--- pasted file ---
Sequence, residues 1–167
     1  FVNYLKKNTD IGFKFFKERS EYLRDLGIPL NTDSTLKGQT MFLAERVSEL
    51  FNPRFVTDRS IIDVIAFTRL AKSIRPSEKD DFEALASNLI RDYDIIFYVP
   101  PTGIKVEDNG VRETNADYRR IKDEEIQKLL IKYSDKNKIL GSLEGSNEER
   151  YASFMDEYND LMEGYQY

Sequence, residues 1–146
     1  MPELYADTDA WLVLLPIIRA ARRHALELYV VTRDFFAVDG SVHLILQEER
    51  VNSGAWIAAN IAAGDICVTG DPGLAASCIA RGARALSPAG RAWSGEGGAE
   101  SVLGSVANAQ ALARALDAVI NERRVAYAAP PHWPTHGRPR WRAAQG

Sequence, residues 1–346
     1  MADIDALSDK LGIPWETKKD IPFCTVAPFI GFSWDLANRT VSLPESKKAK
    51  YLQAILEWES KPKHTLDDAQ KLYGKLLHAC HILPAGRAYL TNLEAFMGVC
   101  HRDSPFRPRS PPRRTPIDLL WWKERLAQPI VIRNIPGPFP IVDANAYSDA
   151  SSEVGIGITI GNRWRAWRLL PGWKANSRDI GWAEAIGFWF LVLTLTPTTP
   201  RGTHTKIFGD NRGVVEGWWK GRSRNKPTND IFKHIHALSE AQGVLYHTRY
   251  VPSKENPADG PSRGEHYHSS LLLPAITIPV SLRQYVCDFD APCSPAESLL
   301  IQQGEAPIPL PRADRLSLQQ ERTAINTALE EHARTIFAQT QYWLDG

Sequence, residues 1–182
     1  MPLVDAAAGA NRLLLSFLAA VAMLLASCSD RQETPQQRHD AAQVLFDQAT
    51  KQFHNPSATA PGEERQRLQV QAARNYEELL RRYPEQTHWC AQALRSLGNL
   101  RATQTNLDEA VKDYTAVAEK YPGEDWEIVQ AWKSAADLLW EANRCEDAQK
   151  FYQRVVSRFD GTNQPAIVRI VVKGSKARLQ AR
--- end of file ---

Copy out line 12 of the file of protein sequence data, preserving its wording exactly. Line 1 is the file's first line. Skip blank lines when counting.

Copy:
    51  YLQAILEWES KPKHTLDDAQ KLYGKLLHAC HILPAGRAYL TNLEAFMGVC